Tiger tracks: CFHS students and staff run thrift store

tiger tracks

Students in Kris Brimm and Bridget Bakula’s careers classes have taken an initiative to start “Tiger Tracks,” what will soon become a school-based thrift store. The store will sell clothing and accessories donated by students and staff and is set to hold its first sale around the beginning of April. Although there are no definite details about exactly when and where it will be, the organizers hope to hold new sales once every quarter in the main lobby.

A group of students from the two classes came up with the idea to start the store because they feel there is a definite need at the high school to have an organized way for students to cheaply purchase clothing.

Senior Camy Erickson, one of the students involved in the brainstorming and organizing of Tiger Tracks, recounted her own experience where clothing that could be purchased cheaply was needed.

“I was in a situation where I didn’t have access to and had lost a lot of clothes because I was moving between my houses, and Mrs. Brimm brought in some of her daughters’ old clothing for me. We have a lot of students in needy situations like that,” Erickson said.

To get the store going, the students have formed a business plan and have held regular meetings to organize. They have elected officers and created spreadsheets for accounting and inventory and have been brainstorming and tuning logistical details.

“The meetings have been going pretty good,” said sophomore Amanda Bunkofske, who works as the secretary. “I really like working on it, and it helps me get ideas for running my own business.”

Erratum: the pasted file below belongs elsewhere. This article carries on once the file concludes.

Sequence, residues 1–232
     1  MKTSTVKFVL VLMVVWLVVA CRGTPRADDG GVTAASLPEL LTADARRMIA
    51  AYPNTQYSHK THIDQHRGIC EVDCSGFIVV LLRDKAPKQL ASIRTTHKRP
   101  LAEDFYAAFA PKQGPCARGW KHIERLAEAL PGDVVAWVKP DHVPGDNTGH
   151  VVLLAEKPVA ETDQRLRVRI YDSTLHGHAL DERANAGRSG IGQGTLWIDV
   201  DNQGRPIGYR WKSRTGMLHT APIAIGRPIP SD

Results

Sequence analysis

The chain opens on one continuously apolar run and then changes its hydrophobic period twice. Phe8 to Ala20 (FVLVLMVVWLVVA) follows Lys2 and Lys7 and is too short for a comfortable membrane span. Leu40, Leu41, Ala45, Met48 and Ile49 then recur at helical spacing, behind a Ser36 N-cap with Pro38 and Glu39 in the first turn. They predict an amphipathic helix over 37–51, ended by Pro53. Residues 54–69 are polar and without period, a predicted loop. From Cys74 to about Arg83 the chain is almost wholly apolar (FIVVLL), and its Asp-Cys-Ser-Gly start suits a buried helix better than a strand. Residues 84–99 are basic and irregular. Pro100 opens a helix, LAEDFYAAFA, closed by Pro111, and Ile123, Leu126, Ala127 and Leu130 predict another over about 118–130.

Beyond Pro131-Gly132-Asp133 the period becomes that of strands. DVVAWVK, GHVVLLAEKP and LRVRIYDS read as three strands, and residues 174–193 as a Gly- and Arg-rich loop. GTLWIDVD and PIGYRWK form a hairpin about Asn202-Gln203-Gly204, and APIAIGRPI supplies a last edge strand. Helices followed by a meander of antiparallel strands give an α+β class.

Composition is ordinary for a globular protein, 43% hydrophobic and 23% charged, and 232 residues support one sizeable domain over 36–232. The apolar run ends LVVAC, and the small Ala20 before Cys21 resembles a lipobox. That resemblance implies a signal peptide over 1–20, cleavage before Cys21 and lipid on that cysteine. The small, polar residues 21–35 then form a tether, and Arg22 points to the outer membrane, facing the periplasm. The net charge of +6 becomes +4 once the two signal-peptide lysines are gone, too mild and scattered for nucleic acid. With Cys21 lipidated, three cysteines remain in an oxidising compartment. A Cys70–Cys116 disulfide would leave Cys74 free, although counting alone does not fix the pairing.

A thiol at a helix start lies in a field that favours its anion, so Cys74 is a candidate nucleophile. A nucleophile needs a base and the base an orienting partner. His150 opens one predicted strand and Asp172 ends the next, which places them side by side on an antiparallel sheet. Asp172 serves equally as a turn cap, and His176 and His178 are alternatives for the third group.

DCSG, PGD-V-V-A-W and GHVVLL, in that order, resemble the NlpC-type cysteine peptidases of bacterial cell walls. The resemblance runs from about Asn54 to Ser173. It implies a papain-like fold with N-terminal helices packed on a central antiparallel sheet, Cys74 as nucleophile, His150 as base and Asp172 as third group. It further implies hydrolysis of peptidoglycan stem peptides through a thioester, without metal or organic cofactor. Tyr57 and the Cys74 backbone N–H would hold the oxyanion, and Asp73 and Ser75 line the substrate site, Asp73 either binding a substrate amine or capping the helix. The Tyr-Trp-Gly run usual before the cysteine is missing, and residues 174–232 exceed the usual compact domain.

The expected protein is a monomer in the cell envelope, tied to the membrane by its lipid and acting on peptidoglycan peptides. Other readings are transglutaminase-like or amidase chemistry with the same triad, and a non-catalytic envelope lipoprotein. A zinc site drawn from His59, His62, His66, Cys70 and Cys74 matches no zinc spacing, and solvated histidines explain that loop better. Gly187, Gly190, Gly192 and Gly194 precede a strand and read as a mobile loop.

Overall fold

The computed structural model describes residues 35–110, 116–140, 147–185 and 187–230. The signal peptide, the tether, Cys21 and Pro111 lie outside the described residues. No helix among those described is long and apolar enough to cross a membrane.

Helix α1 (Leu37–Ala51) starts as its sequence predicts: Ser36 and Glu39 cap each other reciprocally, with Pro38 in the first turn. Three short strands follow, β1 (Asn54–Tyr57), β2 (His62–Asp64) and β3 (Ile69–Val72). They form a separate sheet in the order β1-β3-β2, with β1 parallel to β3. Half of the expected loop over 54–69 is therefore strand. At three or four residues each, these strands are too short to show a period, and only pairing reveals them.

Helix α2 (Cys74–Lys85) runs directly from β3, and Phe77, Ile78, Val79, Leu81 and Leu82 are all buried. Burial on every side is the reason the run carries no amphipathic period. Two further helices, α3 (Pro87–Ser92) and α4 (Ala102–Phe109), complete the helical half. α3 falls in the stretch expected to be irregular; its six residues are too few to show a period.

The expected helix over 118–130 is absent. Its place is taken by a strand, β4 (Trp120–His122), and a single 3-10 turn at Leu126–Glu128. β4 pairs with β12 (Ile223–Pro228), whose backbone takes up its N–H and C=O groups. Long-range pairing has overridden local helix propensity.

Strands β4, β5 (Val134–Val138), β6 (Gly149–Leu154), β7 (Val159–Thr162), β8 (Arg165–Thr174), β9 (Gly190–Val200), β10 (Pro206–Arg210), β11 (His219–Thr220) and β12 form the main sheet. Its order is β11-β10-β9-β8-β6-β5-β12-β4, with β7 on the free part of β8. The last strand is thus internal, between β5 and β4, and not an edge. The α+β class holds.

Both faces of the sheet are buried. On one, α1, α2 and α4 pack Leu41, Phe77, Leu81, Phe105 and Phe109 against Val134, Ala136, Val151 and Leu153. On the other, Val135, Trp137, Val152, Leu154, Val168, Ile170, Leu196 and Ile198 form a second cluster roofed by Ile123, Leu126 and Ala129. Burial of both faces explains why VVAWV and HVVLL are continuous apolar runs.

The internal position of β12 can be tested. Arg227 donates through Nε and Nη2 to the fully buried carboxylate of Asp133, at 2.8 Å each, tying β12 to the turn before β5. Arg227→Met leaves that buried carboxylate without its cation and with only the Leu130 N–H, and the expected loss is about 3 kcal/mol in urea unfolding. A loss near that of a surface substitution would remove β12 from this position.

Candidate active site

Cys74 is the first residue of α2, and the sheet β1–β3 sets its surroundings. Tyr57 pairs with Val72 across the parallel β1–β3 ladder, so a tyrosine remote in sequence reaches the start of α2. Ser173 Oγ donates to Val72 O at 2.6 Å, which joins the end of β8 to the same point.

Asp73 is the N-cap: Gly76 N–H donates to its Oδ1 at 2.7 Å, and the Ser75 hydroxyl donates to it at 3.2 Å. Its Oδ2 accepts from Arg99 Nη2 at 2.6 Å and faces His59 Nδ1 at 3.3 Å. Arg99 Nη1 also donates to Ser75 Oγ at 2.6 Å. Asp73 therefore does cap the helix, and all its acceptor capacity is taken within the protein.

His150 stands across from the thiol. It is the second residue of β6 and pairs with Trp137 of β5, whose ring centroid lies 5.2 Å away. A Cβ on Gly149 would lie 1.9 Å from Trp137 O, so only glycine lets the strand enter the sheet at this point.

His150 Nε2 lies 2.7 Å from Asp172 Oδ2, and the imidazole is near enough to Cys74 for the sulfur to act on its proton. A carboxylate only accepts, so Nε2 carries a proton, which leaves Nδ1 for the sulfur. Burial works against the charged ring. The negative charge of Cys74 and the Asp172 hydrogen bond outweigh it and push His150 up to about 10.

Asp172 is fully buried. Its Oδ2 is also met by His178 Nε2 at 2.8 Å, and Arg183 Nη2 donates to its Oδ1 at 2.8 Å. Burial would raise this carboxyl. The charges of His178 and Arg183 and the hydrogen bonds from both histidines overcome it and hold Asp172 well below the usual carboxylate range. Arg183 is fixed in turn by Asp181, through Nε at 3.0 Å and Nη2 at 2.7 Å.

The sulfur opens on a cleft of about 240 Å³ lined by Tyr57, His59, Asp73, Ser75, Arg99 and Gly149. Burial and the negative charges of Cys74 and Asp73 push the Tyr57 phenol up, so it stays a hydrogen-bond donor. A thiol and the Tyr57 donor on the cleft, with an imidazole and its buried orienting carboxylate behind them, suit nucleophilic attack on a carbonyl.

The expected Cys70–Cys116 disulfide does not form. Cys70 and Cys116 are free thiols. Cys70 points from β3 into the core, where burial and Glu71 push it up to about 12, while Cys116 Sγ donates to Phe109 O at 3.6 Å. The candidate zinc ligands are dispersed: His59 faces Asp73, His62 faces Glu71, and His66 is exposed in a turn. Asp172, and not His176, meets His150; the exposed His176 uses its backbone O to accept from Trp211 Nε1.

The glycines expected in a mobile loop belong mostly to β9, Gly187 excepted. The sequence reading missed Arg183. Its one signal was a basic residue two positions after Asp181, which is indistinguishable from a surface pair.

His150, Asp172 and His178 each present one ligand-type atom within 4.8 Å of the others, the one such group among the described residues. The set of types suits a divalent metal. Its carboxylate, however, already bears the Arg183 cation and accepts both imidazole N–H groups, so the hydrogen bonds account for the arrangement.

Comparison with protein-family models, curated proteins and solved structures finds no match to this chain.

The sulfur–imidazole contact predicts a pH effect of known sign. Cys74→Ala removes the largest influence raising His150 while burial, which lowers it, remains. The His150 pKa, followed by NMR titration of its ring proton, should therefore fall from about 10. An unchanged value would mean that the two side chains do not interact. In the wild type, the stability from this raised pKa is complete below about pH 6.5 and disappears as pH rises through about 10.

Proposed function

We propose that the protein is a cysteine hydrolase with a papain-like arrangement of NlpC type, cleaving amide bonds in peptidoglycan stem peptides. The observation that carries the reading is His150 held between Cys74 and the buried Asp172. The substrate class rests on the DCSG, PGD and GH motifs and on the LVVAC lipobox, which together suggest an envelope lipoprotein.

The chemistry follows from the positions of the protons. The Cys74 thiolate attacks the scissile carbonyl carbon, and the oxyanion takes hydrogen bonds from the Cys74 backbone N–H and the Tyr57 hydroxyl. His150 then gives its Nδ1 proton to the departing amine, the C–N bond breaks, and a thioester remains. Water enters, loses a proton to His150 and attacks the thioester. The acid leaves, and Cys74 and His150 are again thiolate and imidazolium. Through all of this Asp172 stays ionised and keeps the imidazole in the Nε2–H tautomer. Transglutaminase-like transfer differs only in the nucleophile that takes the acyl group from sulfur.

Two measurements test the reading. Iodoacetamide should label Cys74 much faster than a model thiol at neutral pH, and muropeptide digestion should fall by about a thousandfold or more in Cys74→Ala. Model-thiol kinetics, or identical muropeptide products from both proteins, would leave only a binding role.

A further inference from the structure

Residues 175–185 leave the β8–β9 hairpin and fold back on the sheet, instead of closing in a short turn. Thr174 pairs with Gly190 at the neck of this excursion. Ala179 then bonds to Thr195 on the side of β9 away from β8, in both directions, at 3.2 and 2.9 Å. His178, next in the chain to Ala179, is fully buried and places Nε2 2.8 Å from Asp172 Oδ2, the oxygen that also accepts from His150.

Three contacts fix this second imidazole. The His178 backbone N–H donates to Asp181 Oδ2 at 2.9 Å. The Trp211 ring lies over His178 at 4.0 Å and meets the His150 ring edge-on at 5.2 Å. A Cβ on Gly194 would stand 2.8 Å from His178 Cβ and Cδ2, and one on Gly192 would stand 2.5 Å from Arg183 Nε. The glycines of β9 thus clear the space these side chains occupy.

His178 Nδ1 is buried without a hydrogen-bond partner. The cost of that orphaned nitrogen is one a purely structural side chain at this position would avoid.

They will accept donations of clothing and accessories from now on in rooms 30 and 31. They will then wash, clean and sort the clothes. Students in Linda Shulte’s FCS class will also help out and mend small repairs and fix up the donated items. Any clothing that cannot be repaired will be used instead for fabric in a quilt to send to Haiti.

“I’ve been extremely impressed by the good ideas people have come up with,” Brimm said.

The store will most likely be in the gym, and clothing will be sold before and after school and possibly during lunch shifts. Because there is no overhead cost, prices will be kept very low.

“I think there is a definite need (for something such as this),” said school nurse Sue Gettman, who has worked in previous years with other clothes donation projects.

“We have students here that are really in dire financial states. Students here do an especially good job of hiding it, but I think there’s a lot of things behind the scenes that the vast majority of students don’t begin to realize.”

She also said she feels the store will provide for students not necessarily in need but who are simply looking to accentuate their wardrobes. Many agree that some of the best items of clothing can be found at thrift stores, and on the other end, many of students and staff have clothes just sitting in closets that could be donated.

Any student interested in helping run the store can can contact Brimm or Bakula to apply for a position. Workers will be able to earn points toward free clothing. Donations of clothing racks, laundry detergent and stain removal supplies are also needed in addition to clothing and can be dropped off in room 30 or 31.

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